When Romney made this known in tonight’s debate, Ms. Crowley took the side of Obama. She intervened. She overruled. She took sides. She saw the entire thing through the lens of the Obama explanation. She attempted to make Romney look like a fool. And to all except those who are firmly in the Romney camp she succeeded.
Wait, who was debating tonight? Crowley and Romney? No, I don’t think so.
Shame on Candy Crowley. The role of moderator in a political debate is a sacred one. Everyone has biases. Everyone has opinions. No one is perfect. But the honest judge and honest moderator understands the civic duty of allowing the citizenry to hear candidates as cleanly, clearly, and directly as possible. Taking sides is a violation of a sacred duty. In the first debate Jim Lehrer assisted Obama as he struggled to complete his thoughts aloud. Their minds seemed in unison like the Vulcan Mind Meld seen on reruns of Star Trek. Tonight, however, Candy Crowley went an egregious step further. She obviously tooks sides. She offered what she believed to be a correction to one of the debaters. She lied for President Obama.
So what was Romney to do? How was he to save face as a presidential candidate? Honesty. It’s always the best policy. He should have stopped the debate and put his foot down. He should have called her on it. By refusing to do so he looked nearly as meek and chastised as Obama looked in the first debate.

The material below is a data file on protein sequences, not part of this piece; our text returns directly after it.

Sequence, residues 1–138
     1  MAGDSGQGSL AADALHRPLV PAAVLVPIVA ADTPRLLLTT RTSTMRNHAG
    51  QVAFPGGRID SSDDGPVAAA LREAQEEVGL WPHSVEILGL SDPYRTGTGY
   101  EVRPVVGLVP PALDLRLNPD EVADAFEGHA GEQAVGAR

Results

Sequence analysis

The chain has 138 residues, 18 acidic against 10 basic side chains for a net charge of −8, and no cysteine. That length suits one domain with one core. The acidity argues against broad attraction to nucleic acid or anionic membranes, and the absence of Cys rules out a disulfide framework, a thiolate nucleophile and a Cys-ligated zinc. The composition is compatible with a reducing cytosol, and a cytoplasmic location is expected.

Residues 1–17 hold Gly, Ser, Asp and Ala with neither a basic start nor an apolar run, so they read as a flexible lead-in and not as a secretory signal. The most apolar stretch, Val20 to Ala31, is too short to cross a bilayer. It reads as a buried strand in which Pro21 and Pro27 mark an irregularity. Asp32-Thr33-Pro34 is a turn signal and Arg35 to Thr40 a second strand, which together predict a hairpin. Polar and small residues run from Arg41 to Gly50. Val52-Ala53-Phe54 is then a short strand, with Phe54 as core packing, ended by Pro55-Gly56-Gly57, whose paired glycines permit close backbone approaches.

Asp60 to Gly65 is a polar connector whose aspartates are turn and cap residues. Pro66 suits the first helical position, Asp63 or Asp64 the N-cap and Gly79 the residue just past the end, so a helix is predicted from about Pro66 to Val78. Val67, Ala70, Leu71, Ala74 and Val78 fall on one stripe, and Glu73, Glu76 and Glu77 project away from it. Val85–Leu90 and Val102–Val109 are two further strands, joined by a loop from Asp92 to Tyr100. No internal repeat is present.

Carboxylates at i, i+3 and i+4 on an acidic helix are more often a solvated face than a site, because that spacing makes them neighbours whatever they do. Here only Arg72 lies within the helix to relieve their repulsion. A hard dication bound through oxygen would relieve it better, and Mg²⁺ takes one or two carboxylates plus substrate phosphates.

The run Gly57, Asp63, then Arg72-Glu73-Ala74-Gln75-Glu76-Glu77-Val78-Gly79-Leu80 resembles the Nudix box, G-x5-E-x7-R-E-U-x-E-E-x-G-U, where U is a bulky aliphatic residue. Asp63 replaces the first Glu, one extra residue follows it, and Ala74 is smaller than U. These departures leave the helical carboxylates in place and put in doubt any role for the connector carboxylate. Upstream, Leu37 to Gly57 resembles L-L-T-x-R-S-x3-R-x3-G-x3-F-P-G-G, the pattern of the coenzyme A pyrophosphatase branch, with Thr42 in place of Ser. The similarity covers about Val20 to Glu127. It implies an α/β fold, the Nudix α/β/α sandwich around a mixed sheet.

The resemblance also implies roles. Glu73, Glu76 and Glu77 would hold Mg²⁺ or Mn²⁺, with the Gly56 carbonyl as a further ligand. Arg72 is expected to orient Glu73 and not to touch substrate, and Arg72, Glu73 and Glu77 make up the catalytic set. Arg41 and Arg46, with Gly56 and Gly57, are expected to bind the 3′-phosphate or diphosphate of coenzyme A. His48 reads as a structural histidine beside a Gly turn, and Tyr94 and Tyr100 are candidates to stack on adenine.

Mr. Romney, is this the strong stance you’ll take to overbearing dictators? Stop worrying about how you’ll look to the meek and undecided. Be presidential. Be strong. Be the man who puts the biased members of the pro-Obama press into their place. This wish-washy “nice-guy” stuff is what scares constitutionalists away from you. If you can’t stand up to the likes of pathetic Candy Crowley, how will you stand up for the Constitution?
This, my friends, is a terrible and fearful moment. When government authority and media bias team up to instruct the citizens in “truth,” nothing good can come of it. Our only hope as a nation of free persons is to have a media that functions as an independent, critical arm of investigation. Every move by government must be analyzed and questioned, checked into, criticized with a deep and discerning eye. Candy Crowly showed us once again what we already knew. She confirmed for us that, for the most part, the United States has no such media.
Author Bruce Coville may have said it best: “Withholding information is the essence of tyranny. Control of the flow of information is the tool of the dictatorship.”
I care not what party you belong to. Every American should fear this development. We have crossed yet another Rubicon. We have inched ever so closer to totalitarianism. Is there no end to the liberties that the current administration and its media allies will tread upon?